At the time, she talked to NET News about “all the homes that are back in place, all the families that are here, the new people that have recently purchased and moved into town that weren’t here before. They like the idea that it’s a new community, if you will, and they like the spirit of the people here.”

This is what downtown Hallam looked like after the 2004 tornado. NET News Statewide covered what happened next in a special report.

At the same time, Edmonds was really looking forward to putting the first anniversary of the May 22 storm behind her.

“This year has been about survival. And if we...get to May 22, which we will, then maybe we can start living again. Yes, we’re functioning and doing all the things we need to do. But to really start living and to just sit down and enjoy life again,” Edmonds said.

Enjoying life is kind of what Pilger Days, a community celebration that was held last weekend despite the destruction, is all about. It’s a tradition that goes back more than 50 years. Jim Duncan, Pilger’s village board chairman, recounts how in 1962, some “young kids” got “a little barley pop or liquid spirits in ‘em.”  They went out to the Pilger sign on the outskirts of town and added “The little town too tough to die.”

Sign outside Pilger's temporary village hall. (Photo by Ryan Robertson, NET News)

“It just stayed,” Duncan recalled, and led to a community celebration. “We had pit barbeques and by the time you got the wood cut and the wood burned and the beer drank it was a whole month’s celebration really. And then we started having Pilger Days from then on,” he said.

Last weekend, just over one month after the tornado, Pilger hosted its annual event again. The Volunteer Fire Department served around 850 people at their barbeque and raised close to $10,000. Even though exact amounts are unknown, Pilger's Village Clerk Kim Neiman says "a lot" of barley pop was consumed.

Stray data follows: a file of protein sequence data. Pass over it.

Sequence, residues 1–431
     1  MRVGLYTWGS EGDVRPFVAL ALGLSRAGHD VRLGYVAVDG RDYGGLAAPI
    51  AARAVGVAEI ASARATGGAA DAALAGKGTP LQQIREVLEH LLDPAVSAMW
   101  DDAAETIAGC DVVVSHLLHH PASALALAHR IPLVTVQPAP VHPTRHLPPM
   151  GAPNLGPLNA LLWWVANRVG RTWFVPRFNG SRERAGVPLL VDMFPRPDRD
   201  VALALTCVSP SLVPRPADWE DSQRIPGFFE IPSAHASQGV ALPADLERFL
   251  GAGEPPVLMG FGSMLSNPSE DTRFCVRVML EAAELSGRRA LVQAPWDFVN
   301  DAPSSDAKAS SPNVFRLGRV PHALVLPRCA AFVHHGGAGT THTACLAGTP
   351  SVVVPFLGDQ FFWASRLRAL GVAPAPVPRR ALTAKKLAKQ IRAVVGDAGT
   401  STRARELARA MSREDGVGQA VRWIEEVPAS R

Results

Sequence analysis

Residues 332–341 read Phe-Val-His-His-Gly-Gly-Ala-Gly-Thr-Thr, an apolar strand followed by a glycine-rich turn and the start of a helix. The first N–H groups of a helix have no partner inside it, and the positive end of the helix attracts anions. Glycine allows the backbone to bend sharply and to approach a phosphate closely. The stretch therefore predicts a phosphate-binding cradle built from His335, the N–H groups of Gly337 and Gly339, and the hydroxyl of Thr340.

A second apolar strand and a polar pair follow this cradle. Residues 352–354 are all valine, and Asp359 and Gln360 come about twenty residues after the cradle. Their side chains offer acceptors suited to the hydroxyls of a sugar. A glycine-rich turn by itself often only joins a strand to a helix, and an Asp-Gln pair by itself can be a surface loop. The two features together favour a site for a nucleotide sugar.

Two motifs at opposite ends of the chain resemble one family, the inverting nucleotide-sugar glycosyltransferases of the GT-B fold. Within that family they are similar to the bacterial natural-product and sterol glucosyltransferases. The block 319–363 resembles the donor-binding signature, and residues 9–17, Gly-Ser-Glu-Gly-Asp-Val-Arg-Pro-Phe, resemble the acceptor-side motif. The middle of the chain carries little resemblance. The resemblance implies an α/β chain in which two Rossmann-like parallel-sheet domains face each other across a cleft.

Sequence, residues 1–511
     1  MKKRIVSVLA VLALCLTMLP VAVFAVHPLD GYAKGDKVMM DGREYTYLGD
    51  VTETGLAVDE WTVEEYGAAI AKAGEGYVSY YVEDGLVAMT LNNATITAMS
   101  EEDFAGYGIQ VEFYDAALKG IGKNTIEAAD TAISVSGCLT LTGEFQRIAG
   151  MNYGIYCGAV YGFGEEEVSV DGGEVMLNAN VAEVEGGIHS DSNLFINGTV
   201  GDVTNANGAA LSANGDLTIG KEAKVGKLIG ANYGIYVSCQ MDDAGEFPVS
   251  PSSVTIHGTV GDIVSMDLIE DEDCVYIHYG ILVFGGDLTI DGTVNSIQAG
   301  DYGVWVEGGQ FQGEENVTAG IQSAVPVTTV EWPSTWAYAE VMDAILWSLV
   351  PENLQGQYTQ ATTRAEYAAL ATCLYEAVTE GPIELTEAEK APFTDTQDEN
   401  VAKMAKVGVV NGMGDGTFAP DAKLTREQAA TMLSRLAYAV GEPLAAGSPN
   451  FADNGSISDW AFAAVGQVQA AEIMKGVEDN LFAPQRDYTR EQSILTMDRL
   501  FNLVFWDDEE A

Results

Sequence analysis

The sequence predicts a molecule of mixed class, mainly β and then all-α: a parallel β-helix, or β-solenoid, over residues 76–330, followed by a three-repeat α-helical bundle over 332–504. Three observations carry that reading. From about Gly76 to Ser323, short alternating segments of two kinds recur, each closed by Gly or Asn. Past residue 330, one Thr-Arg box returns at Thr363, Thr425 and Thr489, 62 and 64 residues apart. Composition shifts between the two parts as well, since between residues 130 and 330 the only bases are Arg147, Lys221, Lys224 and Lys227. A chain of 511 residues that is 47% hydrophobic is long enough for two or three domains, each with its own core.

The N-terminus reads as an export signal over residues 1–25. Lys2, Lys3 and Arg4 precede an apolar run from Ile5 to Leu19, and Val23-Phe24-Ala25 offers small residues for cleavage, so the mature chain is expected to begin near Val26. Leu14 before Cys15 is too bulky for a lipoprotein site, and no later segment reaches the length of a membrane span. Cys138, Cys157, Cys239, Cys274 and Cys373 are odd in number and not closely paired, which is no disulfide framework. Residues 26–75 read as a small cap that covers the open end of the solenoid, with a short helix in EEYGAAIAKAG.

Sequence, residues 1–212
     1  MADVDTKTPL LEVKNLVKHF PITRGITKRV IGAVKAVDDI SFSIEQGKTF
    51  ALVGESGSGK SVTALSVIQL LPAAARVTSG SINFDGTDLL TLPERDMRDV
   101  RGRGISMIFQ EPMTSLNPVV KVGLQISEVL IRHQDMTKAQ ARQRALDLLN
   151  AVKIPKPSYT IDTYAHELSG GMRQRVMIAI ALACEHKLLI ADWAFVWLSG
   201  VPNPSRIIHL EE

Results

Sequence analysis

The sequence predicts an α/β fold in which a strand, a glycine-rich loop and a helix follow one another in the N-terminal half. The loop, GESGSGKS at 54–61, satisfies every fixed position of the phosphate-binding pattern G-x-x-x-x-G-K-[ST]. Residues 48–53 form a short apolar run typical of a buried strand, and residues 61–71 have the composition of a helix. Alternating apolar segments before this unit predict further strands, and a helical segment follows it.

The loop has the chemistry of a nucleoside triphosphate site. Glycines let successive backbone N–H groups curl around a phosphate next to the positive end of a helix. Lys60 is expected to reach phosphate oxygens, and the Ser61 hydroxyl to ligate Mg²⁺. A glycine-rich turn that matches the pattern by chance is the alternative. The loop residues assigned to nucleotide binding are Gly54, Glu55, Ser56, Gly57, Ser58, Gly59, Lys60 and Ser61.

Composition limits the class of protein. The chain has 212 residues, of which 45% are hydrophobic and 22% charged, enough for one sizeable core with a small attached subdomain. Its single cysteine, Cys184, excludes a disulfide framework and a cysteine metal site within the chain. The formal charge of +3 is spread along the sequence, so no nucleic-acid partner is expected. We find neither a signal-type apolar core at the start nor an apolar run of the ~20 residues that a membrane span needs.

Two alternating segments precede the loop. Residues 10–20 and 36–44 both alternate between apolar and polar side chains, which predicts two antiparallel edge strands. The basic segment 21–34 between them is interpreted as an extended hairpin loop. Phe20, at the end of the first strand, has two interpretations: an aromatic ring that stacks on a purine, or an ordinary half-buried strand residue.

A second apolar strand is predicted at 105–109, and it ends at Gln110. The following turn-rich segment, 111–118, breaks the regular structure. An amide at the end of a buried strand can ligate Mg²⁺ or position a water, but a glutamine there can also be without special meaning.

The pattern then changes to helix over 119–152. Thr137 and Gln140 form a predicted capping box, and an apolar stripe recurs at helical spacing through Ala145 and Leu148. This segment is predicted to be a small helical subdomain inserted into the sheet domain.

While Pilger Days helped people uphold a tradition, some folks are looking at new uses for what the storm tore apart. Linda Oertwich’s house toward the far south end of town survived. But the Village Café and Bar she owned and operated in an old brick building downtown was knocked down. Oertwich’s decided not to rebuild.

Linda Oertwich with bricks from her bar. (Photo by Fred Knapp, NET News)

But she doesn’t want to just forget about the bar completely.

“Actually, when they demolished the bar, I went up and I saved a couple of pallets of bricks because I’m going to build a firepit in my backyard. Just for – to get together,” Oertwich explained.

Bricks from the Pilger School were also made available to people wanting to hold onto a piece of the town’s history. And just off Main Street, townspeople arranged bricks from demolished buildings into a mosaic of concentric circles, resembling a sunburst.

Throughout all the trauma, to an outsider it seems remarkable how matter-of-fact the people of Hallam and Pilger now have been about moving forward. As Pilger Village Board Chairman Duncan put it, “It’s one day at a time and you can only do so much in a day. It’ll work."